Something doesn’t add up

English psychiatrists have achieved something remarkable. They have managed to give ECT (electroconvulsive therapy) to a negative number of consenting patients.

Last year, when Conservative MP Anne Milton asked a question about the numbers of people undergoing ECT, the Department of Health came up with the following figures:
Total number of people given ECT in 2006-7 = 1069
Number given ECT without their consent in 2007 = 1778
That is just an example for one year. The rest can be seen here

Something has gone wrong. The number of non-consenting patients cannot be larger than the total number of people undergoing ECT.

The problem lies with the total figure. The Department of Health appear to have no idea how many people undergo ECT every year. Only a fraction of the ECT used in English hospitals finds its way into their statistics.

It shouldn’t be difficult to count how many people have ECT. It is not after all something that is hidden. ECT is given is special clinics in hospitals. There are about 150 of these clinics, divided between 76 mental health trusts. A very few trusts don’t have ECT clinics, most have one or two, a few have more (up to 5). Each mental health trust should be able to find out without too much difficulty how many people have ECT in their clinics. So why doesn’t this information find its way into the central statistics?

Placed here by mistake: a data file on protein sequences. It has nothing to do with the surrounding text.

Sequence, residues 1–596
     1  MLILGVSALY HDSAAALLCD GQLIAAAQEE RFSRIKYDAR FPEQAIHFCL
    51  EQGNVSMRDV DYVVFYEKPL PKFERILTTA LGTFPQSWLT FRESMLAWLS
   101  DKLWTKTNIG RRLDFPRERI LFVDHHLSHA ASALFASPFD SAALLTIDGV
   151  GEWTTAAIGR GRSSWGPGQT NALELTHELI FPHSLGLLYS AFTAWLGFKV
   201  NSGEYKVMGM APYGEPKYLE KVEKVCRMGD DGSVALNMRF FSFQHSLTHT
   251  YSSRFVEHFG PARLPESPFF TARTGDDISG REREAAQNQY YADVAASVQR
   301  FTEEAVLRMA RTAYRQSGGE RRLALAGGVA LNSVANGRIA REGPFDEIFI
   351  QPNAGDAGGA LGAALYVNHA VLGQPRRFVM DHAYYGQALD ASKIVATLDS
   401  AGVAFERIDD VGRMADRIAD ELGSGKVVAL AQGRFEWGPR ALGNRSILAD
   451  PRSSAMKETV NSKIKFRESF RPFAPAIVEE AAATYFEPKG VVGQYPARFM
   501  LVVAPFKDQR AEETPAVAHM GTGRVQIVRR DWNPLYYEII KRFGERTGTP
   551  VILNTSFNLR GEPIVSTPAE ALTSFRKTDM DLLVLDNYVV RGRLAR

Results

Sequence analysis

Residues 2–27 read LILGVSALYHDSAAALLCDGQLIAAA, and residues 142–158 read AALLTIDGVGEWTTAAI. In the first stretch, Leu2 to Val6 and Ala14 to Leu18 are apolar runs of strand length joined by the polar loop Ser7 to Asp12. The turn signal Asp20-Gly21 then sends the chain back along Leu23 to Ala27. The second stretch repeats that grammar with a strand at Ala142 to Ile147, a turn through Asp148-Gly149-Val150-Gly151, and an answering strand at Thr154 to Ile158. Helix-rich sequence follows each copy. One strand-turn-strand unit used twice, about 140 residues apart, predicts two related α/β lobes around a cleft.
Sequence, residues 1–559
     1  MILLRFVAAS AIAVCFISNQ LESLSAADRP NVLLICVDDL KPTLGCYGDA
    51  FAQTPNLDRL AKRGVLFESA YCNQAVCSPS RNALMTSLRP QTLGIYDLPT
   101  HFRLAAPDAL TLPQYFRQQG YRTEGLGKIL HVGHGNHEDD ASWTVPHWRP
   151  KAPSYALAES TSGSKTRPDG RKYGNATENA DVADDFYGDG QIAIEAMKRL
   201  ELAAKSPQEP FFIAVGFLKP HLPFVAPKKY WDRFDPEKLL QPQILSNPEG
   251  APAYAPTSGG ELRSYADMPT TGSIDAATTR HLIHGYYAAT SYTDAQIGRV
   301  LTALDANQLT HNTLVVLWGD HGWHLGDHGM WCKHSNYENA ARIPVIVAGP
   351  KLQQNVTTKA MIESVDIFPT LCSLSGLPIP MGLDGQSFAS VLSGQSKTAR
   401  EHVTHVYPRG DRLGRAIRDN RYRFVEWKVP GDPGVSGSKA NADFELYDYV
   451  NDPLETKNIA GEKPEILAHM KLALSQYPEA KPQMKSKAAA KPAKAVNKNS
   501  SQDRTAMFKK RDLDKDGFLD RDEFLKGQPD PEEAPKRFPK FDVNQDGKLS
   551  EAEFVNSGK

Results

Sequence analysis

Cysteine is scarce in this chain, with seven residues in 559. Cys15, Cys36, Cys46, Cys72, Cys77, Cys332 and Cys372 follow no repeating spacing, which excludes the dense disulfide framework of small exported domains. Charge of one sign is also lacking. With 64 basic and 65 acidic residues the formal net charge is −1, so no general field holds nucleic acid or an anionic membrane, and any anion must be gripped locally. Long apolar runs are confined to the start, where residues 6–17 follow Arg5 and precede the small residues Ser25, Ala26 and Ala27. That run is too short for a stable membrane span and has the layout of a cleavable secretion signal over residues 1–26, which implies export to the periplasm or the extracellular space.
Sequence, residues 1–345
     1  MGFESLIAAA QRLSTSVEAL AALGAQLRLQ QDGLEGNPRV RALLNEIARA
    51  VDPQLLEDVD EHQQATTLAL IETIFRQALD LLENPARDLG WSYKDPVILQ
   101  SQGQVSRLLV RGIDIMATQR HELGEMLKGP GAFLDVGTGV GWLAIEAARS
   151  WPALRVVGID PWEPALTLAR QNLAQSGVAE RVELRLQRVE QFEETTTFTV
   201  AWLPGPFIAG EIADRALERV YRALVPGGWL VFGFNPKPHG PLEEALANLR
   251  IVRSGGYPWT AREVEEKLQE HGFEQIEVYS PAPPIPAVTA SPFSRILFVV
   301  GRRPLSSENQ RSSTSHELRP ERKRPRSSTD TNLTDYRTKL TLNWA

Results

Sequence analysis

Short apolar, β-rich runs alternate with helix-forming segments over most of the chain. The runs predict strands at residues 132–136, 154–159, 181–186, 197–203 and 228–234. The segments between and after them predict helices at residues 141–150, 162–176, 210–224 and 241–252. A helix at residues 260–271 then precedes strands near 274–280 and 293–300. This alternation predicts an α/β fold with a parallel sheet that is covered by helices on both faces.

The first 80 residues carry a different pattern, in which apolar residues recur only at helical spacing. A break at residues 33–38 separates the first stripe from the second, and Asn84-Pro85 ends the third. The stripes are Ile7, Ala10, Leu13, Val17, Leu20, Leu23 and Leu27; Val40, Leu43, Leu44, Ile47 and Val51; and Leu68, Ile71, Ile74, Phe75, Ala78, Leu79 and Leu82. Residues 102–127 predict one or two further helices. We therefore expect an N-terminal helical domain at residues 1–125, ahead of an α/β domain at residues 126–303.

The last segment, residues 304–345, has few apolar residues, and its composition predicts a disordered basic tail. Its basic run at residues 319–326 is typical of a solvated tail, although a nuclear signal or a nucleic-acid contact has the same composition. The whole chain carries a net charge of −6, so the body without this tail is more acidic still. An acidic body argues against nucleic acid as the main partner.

Apparently some hospitals don’t realise that ECT is – for statistical purposes – an “operative procedure” and so they don’t send in any ECT statistics at all. The Department of Health has known about this problem for 15 years or more. Couldn’t they have done something about it by now – for example written to every mental health trust reminding them that they should be sending in statistics on ECT use?

Thirty years ago, when someone asked a parliamentary question about the numbers of people undergoing ECT, they were given a useful answer:

The total number of ECT treatments carried out in NHS hospitals in England in 1979 was 160,005: the total number of courses completed in 1979 was 24,428. (Hansard, Written answers, 28 November 1980)

If they could do it in 1980, why can’t they do it today?

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One Response to Something doesn’t add up

  1. Bill Balharry says:

    That is a most impressive analysis of the use of ECT situation. Thank you very much for your work. Bill Balharry.

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